Toledo company develops technology for cleaner biofuelWritten by Duane Ramsey | | email@example.com
A local businessman believes he has the formula for a process and technical expertise to create the equipment for producing a biofuel that does not depend on food-chain material such as corn, burns cleaner than ethanol and requires little, if any, fossil fuel to produce.
Ford Cauffiel Sr., president and CEO of Cauffiel Technologies in Toledo, has developed a process to convert cellulosic plant materials into ethanol or butanol with metal processing machinery his company has built for 55 years.
“We are fully aware of the research and development that is taking place to convert cellulosic materials to ethanol,” said Cauffiel, who began developing his technology in 1978.
The U.S. Department of Energy has granted millions of dollars to companies and universities that are developing various methods for such conversion.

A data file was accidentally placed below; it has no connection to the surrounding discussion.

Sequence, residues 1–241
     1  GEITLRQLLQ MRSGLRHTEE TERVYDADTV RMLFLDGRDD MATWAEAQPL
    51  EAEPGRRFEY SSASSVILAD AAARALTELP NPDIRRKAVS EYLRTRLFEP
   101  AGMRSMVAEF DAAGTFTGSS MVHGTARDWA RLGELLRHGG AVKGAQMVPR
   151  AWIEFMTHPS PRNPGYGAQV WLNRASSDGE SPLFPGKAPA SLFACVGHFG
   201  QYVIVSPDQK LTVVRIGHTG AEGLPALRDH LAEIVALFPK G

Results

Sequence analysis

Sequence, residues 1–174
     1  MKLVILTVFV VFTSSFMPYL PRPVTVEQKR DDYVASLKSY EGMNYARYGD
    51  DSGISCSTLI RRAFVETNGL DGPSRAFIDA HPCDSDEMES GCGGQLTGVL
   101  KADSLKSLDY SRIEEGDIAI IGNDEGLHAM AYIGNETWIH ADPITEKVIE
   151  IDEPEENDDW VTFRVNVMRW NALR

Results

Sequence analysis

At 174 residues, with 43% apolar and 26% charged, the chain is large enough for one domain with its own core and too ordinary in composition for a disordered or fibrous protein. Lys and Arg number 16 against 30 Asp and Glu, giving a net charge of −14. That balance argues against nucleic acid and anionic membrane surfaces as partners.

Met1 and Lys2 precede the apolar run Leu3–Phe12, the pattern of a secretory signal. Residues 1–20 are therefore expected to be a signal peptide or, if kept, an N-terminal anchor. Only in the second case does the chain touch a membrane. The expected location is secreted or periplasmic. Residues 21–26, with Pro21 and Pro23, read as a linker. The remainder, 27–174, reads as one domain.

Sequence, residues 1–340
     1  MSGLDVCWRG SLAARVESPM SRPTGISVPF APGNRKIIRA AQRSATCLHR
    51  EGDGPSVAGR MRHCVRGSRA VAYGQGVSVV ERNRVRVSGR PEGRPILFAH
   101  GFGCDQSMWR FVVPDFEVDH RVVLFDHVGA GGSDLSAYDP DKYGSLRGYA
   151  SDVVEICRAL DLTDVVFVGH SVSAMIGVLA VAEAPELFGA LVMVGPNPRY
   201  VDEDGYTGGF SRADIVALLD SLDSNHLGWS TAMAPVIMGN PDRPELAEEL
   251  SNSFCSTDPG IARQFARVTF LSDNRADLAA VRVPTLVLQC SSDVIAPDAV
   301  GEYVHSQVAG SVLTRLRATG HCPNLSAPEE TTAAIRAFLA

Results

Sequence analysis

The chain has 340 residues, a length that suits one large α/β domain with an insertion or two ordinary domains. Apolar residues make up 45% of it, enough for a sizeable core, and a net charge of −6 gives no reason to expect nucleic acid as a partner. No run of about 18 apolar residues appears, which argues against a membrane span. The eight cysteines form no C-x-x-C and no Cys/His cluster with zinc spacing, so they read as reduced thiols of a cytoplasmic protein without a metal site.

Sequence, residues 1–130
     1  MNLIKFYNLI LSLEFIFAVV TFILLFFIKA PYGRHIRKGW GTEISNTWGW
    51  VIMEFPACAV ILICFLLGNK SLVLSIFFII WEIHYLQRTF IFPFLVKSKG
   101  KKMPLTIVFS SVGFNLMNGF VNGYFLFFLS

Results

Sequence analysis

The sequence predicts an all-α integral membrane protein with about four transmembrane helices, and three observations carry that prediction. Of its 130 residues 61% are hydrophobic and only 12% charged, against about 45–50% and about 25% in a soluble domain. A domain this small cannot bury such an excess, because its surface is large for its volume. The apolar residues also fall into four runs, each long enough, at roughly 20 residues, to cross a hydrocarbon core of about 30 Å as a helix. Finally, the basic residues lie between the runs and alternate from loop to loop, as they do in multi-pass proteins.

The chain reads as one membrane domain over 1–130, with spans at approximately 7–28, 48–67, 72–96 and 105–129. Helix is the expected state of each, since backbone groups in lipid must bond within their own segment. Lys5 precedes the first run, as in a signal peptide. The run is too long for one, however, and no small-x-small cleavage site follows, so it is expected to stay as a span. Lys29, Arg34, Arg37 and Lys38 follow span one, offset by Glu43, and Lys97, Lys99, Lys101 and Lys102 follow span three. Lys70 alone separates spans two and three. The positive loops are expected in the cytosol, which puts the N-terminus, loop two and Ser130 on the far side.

Although Cauffiel’s firm did not receive a grant due to a technicality, he said, it is continuing research.
“We have a research contract for $5 million from a New York investment group and received $500,000 after designing the process,” he said.
Cauffiel Technologies is now looking to develop laboratory-size pre-treatment plants for company or university research and development operations to convert cellulosic material to C5 and C6 sugars from algae, corn fibers, switch grass, wood chips and other plant life.
Cellulosic materials are commonly known as lignocellulose or hemicellulose molecules found in plant life such as fast-growing switch grass, which requires little water and grows 12 feet high with roots eight feet deep. Hemicellulose is found in corncobs and stalks known as corn stover, Sorghum trees and even fast-growing algae.
“There are many processes being used to convert cellulosic material into ethanol, but they are costly, require a large amount of energy to burn the material and create pollution,” Cauffiel said.
“Another recent process is using super bugs,” he said. “Everyone knows that fungus and termites love wood.”